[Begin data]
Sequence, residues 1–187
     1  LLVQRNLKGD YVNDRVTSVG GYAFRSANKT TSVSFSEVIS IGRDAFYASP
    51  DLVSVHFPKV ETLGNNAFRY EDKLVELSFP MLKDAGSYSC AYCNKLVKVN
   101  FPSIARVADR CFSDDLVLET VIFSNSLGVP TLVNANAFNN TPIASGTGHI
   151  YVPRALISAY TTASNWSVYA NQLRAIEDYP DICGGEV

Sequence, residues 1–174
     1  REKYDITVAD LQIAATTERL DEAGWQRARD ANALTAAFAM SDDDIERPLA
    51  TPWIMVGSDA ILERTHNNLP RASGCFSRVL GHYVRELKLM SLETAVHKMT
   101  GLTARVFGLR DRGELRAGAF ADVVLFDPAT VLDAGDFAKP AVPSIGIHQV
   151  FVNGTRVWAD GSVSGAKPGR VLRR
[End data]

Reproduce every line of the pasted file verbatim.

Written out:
Sequence, residues 1–187
     1  LLVQRNLKGD YVNDRVTSVG GYAFRSANKT TSVSFSEVIS IGRDAFYASP
    51  DLVSVHFPKV ETLGNNAFRY EDKLVELSFP MLKDAGSYSC AYCNKLVKVN
   101  FPSIARVADR CFSDDLVLET VIFSNSLGVP TLVNANAFNN TPIASGTGHI
   151  YVPRALISAY TTASNWSVYA NQLRAIEDYP DICGGEV

Sequence, residues 1–174
     1  REKYDITVAD LQIAATTERL DEAGWQRARD ANALTAAFAM SDDDIERPLA
    51  TPWIMVGSDA ILERTHNNLP RASGCFSRVL GHYVRELKLM SLETAVHKMT
   101  GLTARVFGLR DRGELRAGAF ADVVLFDPAT VLDAGDFAKP AVPSIGIHQV
   151  FVNGTRVWAD GSVSGAKPGR VLRR